The Cobb Board of Education stirred controversy in March when it revealed plans to relocate Brumby Elementary to a site off Terrell Mill Road near Sope Creek Elementary. Parents from the Sope Creek community have voiced opposition to the plan for a variety of reasons, including traffic, the behavior of Brumby students, redistricting and the amount spent purchasing the land.
One parent even told the board during a recent meeting the board discussed the deal in a “smoke-filled room.”
But another point of opposition was East Cobb Middle School may also be relocated to the site. The site has 35 acres, only 15 of which would be taken up by Brumby, and East Cobb Middle is in line for a rebuild under a special purpose local option sales tax approved last March.
The plot was placed under contract by the school board for $9.4 million in early February.
There are four elementary schools in Cobb County adjacent to middle schools.
School board member Scott Sweeney faces Kevin Nicholas in the May 20 Republican primary, with the winner taking the seat for the next four years. Sweeney previously said moving East Cobb Middle to the site is a possibility.
When the MDJ asked Sweeney more recently about the potential move, he said he’s still undecided.
“The district’s administration has not made a recommendation to the Board of Education,” he said. “Should the district make that recommendation, my decision will be based on the best information made available to the board as well as community and board discussions.”
Sweeney’s opponent for the east Cobb seat said he does not favor the idea.
“At a minimum, if there are no plans for the rest of the land, our school board should not be investing $9.4 million in taxpayer money in property without having its use determined with a proper plan,” Nicholas said. “If there is a plan to use the extra 20 acres, our students, teachers, residents and taxpayers have a right to know.”
Post 2 incumbent Tim Stultz agreed with Nicholas, citing traffic issues.
“I believe if a proper traffic study is performed by the Cobb DOT, it will show that adding a middle school to the site will negatively impact the corridor more so than just adding Brumby,” Stultz said. “If that is the case, I do not support locating East Cobb Middle to the site.”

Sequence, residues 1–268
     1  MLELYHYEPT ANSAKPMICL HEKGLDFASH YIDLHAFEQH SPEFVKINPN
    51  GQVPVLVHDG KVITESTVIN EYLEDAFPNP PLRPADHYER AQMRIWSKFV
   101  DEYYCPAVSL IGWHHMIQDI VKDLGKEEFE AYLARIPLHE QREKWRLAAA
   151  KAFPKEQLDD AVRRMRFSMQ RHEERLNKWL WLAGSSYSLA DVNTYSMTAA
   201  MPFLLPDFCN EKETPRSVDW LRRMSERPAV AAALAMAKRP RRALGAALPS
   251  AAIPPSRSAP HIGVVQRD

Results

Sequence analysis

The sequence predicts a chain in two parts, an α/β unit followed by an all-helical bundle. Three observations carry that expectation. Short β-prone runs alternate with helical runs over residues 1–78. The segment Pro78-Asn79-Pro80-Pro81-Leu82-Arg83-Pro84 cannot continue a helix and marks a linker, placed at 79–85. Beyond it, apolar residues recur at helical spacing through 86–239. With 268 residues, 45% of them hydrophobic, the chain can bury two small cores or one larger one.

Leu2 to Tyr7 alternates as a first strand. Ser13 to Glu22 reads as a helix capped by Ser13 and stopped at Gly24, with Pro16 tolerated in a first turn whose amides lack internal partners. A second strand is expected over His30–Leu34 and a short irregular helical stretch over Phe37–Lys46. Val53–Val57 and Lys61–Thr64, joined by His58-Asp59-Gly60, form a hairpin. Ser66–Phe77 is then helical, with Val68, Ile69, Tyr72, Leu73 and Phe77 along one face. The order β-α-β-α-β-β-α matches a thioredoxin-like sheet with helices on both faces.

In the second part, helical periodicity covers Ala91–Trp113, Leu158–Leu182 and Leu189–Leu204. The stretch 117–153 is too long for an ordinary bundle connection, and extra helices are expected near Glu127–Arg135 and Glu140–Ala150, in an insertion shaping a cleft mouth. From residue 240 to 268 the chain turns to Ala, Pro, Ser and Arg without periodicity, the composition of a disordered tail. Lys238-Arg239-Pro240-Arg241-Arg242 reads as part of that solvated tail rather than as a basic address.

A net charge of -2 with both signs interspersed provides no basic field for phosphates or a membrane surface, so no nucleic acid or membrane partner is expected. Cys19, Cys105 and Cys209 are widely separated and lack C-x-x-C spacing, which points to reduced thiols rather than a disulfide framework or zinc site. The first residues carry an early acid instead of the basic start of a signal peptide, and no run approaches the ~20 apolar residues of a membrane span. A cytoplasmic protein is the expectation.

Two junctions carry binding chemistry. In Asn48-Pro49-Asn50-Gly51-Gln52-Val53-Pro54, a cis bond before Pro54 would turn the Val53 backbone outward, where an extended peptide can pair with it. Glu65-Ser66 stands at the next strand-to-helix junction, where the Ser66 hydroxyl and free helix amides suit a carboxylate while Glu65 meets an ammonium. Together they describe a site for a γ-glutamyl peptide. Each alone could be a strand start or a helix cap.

Stultz has two opponents in the Republican primary for the Smyrna/Vinings area seat. One of his opponents is Susan Thayer of Smyrna, a consultant for former Fulton County superintendent James Wilson’s firm, Education Planners. Thayer said she is undecided.
“I don’t have enough information to make a decision on this issue,” she said. “It’s my understanding that no proposal has been made to the board at this time.”
But Stultz’s other opponent, Wells Fargo lending officer Jeff Abel, said he does support the idea. He pointed out there are middle schools in the Post 2 district that are older and should be replaced before East Cobb, but said putting both schools on the same site could be unavoidable.
“The reality is that if the school district were to split and sell the remaining acreage beyond the 15 acre minimum necessary for Brumby, a residential development there would allow 2.5 homes per acre under current zoning. So at least 50 homes could be built on that additional land, which would certainly have a similar impact to the traffic load in the area as a middle school,” Abel said. “As large tracts of land for our schools becomes harder to find, a combined elementary/middle school location may be inevitable.”
Post 4, which represents northeast Cobb, has no incumbent, as Kathleen Angelucci is not seeking re-election. Instead, either Lockheed Martin analyst David Chastain or former Marietta Sixth Grade Academy Principal Bill Scott will hold the seat.
Chastain said he was undecided.
“Right now, I do not have enough information,” Chastain said. “I could see the benefits to it. I understand the people that live in the area are upset about the idea. There’s a lot more there I can’t see at the moment as a candidate.”
Scott also is undecided.
“People were very concerned about the traffic that’s going to be in that area, and if they put two schools in there, that will make it worse,” he said. “I think some further study would have to be done before a decision could be made on that. … The concern to residents is that it could bundle up traffic and make total gridlock.”